Bennett says she started writing The Vanishing Half in 2014; she never envisioned the book would be released at a time when conversations about race have proliferated following the killing of George Floyd and subsequent protests.
“It’s been honestly quite strange to see the book read in such a contemporary light,” Bennett says. The author admits she was initially hesitant setting her book in a time that could seem like she was ignoring the present moment. “I thought at the time, ‘Well, I’m a young writer. I should be writing about what it is to be young right now, instead of writing about some distant time.’ There was a part of me that felt I should be trying to make meaning of this moment instead of thinking about the past.”
However, Bennett says some similarities between past and present are uncanny: “It’s strange to see how strongly the past is echoing in the current moment.” Though never intending to frame her book as timely, Bennett is glad that her story is offering perspective for readers, in which they can “think about identity in a new way,” “the history of race in this country” and “the idea that these categories of race are not as clear and stable as we often believe them to be.”
The Vanishing Half isn’t the first project through which Bennett has tackled themes of race, class, and identity. One particular work of Bennett that has recirculated amid Floyd’s death is her Jezebel essay “I Don’t Know What to Do With Good White People” in which she describes encountering white people who claim they are empathetic and willing to join in the fight for racial equality, but persist in “self-aggrandizement” and expect to be “rewarded for their decency.” Meanwhile, in her 2016 novel The Mothers, Bennett tells the story of a religious Black community in Southern California centered on a young Black woman who has an abortion. The novel is in development as a feature film by Kerry Washington.
Navigating complex concepts of race, identity and transformation in a fiction story can be “thorny or abstract,” she notes. Bennett’s storytelling derives from the need to depict “stories of community” and what it means to be in and outside a group. She shares that she’s heard her fair share of “emotional reactions” from readers to her book, whether it be sharing their “very complicated family history” or their feelings on race and racial identity.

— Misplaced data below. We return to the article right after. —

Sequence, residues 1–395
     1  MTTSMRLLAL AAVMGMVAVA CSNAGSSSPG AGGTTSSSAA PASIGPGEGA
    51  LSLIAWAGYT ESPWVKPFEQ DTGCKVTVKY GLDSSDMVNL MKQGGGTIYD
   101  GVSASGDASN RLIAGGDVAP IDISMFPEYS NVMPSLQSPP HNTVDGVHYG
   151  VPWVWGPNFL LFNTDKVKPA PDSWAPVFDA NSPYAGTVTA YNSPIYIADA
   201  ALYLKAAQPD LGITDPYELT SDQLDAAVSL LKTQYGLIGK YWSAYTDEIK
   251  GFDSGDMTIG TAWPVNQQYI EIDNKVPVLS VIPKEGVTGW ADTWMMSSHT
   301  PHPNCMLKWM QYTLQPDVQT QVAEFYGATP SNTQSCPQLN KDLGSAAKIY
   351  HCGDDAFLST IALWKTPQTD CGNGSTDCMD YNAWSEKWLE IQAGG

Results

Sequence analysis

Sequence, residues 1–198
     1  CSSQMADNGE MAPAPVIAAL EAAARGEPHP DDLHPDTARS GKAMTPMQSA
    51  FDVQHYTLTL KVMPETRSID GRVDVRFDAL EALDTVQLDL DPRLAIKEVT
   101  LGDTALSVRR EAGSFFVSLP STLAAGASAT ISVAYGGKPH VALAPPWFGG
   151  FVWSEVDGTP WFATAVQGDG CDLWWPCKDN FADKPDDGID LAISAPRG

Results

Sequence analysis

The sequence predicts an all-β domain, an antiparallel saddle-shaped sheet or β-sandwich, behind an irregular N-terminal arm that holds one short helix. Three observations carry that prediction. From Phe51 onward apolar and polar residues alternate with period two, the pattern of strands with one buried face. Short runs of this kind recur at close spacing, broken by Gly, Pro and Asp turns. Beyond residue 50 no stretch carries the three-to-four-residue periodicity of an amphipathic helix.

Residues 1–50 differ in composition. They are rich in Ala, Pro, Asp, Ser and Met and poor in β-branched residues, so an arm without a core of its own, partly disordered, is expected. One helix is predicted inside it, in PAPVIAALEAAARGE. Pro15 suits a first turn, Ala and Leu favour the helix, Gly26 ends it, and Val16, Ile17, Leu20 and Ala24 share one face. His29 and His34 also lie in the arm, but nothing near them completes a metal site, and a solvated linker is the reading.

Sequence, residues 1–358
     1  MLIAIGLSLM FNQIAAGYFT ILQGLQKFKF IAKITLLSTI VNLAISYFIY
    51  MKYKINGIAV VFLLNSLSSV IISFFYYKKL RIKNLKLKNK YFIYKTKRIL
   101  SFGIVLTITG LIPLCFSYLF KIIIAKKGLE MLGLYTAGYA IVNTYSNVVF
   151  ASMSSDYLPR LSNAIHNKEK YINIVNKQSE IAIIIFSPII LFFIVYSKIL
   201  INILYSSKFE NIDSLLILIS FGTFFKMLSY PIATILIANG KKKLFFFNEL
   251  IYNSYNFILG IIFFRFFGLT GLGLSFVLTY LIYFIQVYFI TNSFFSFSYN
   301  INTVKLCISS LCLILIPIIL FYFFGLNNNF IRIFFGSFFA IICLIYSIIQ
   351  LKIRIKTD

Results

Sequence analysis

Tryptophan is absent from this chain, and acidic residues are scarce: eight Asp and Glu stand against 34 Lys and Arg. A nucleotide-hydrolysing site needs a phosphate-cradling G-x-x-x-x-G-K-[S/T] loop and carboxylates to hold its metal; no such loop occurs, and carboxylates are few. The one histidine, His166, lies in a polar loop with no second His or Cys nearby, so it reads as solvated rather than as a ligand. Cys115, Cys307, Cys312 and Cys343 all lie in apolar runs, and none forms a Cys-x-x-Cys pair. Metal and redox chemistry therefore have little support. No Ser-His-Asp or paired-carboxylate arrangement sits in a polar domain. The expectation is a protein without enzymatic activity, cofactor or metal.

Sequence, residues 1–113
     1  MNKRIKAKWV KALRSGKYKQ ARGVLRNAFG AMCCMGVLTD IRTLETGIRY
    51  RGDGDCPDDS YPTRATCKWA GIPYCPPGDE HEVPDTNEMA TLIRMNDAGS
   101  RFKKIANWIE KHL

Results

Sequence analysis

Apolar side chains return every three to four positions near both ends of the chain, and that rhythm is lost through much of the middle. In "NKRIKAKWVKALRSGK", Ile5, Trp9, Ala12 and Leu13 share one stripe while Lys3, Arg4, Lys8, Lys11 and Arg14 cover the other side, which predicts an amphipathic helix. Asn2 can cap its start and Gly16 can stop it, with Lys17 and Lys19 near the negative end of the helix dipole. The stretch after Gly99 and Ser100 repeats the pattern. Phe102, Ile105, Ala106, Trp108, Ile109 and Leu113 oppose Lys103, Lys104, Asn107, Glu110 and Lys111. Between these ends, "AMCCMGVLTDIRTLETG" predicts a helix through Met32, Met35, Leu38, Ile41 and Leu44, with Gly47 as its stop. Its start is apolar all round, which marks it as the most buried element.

“I hope that all people take away is that identity is complicated,” Bennett says of The Vanishing Half. “When I was writing, I just kept thinking, ‘How do we become where we are?’ These characters are navigating that question as they move through the world in all of their various complicated identities.”
As she steps into a new role for the small screen, Bennett is excited to see how the to-be-determined writer of the show translates her book with their own creative vision. Though Bennett says she doesn’t have a dream cast in mind, she admits her readers have provided a surplus of options. “Lots of readers have tagged me and emailed me their suggestions and I’m like, ‘I have no say over this but thank you for letting me know,'” she says, laughing.
Though still busy promoting her second novel, Bennett is already hard at work on book three, which she teases as being “pretty long,” gleaned from ideas she brainstormed in 2018. “I am fortunate that I started the third book before the pandemic hit. I think if you sat me down right now and you’re like, ‘come up with a new idea for a book,’ I do not think I could do it,” she says laughing. “I’ve just been trying to use my time in lockdown to work on the book because I think that truly makes me happy to write,” she says.
As for readers who have found comfort in The Vanishing Half amid lockdown, Bennett is happy it has offered a sense of escapism. “I’m glad that people have loved this book and it gives a good distraction during quarantine,” she says. “I’m really happy to be that to anybody who needs that right now.”